Clinicians worry NFL concussion deal discriminates: report

·3-min read
Several clinicians who examine players for concussion settlement payouts are concerned that protocols for evaluation dicriminate against black players, an ABC News report Wednesday said

Several clinicians who examine former NFL players for concussion settlement payouts fear the league's evaluation protocols discriminate against black players, ABC News reported Wednesday.

Two former NFL players, Pittsburgh defensive end Kevin Henry and running back Najeh Davenport, have sued the NFL, in which 70% of players are black, claiming the league "explicitly and deliberately" discriminates against black players filing dementia-related claims.

"I just want to be looked at the same way as a white guy," Henry told ABC News. "We went out together and played hard together. Know what I mean? It wasn't a white or black thing."

At issue is "race-norming," a method used by scientists to prevent overdiagnosis of cognitive impairment in minority communities that when applied to the NFL concussion settlement makes it harder for players to prove cognitive decline.

When players file a compensation claim, they are given a series of tests to measure cognitive function against a baseline norm. If a player's results are far enough below the norm, he is eligible for compensation.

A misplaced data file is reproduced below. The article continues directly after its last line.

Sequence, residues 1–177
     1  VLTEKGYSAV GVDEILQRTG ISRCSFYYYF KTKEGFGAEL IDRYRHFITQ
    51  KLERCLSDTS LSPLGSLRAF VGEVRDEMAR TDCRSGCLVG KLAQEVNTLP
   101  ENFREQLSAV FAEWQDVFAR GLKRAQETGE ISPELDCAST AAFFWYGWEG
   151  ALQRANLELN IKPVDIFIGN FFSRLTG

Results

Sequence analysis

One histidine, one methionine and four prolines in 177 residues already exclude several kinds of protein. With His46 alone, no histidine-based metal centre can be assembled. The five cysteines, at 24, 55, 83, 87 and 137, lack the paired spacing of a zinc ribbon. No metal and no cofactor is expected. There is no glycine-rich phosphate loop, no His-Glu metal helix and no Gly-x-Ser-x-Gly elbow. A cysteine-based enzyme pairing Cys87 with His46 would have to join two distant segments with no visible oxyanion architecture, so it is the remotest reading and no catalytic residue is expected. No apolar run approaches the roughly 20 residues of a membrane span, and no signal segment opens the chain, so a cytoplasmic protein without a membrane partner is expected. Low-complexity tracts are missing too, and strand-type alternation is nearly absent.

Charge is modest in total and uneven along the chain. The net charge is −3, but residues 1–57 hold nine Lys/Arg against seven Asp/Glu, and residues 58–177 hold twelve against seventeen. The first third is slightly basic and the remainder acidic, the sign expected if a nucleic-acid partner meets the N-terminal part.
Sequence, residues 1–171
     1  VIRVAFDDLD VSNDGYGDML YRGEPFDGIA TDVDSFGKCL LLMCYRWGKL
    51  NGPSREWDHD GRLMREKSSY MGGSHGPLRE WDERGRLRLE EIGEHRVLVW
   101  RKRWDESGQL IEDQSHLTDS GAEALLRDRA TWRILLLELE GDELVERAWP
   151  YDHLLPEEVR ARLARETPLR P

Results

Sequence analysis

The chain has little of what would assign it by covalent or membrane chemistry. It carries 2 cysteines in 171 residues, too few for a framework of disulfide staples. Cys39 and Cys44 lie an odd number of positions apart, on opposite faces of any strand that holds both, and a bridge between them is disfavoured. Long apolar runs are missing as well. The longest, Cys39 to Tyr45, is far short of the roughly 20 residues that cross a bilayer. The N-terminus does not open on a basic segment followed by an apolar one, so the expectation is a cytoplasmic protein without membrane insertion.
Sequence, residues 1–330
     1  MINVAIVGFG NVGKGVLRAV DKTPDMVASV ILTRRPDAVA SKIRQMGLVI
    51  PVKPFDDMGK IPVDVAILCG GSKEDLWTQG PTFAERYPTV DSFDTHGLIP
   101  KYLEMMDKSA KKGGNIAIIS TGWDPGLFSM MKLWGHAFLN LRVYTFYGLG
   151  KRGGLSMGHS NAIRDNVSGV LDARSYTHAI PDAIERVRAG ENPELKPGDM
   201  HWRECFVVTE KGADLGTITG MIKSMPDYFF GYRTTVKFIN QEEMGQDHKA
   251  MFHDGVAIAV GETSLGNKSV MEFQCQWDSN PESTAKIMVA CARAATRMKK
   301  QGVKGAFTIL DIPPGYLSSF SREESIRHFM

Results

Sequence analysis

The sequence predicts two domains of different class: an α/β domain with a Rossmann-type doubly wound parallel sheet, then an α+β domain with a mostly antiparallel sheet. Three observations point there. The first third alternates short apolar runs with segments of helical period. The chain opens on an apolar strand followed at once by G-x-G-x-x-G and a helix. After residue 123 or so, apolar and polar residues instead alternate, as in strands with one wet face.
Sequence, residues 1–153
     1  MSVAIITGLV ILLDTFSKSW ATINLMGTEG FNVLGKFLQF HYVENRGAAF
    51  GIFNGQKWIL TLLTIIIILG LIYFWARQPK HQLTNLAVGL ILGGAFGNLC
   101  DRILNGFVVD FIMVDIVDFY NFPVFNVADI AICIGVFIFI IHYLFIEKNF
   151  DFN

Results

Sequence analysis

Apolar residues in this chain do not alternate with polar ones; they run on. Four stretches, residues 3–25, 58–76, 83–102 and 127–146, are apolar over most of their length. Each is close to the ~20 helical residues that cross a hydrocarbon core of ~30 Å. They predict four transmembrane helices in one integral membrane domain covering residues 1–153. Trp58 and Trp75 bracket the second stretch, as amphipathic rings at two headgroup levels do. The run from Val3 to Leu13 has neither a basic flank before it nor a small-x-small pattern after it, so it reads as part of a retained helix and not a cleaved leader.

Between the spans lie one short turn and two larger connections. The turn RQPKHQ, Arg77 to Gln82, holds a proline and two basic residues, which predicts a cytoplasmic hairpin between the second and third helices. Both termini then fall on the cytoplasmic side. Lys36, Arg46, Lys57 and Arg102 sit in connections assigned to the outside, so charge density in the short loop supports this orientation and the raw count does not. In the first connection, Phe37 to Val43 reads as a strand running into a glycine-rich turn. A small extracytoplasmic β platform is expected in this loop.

But the norm is lower for black players than white ones when race is made a factor, creating a tougher standard for black players to qualify for payouts.

"I felt so betrayed and I still feel that way," Henry told ABC. "Two different systems? How can that be OK. Why should that be OK?"

The NFL settlement manual recommends a "full demographic correction" that includes age, gender, education and race, according to the report.

In e-mails from clinicians reviewed by ABC News, there were great concerns about being forced to use race as a factor in determining eligibility for payouts.

"I don't think we have the freedom to choose," a neuropsychologist wrote. "If we do, apparently many of us have been doing it wrong."

Another wrote about concern over "racial inequity" and said, "I'm realizing and feeling regretful for my culpability in this inadvertent systemic racism issue."

A third spoke of "required reliance on these norms" but concluded "bottom line is that the norms do discriminate against Black players... we need to look closely at the expected and unexpected ramifications of our practices."

The NFL disputed the report's findings, noting the settlement was agreed upon in 2013 "by all parties, with the assistance of expert neuropsychological clinicians and approved by the courts more than five years ago" and "relied on widely accepted and long-established cognitive tests and scoring methodologies."

"The settlement seeks to provide accurate examinations to retired players," an NFL spokesperson told ABC News. "And thus permits, but does not require, independent clinicians to consider race in adjusting retired players' test scores as they would in their typical practice."

The NFL spokesman also said that league parties play no role in the clinical exams.

ABC said that about 1,200 claims have been paid for more than $800 million from about 3,000 made, but the NFL has not released details, including race, on those who have received payments.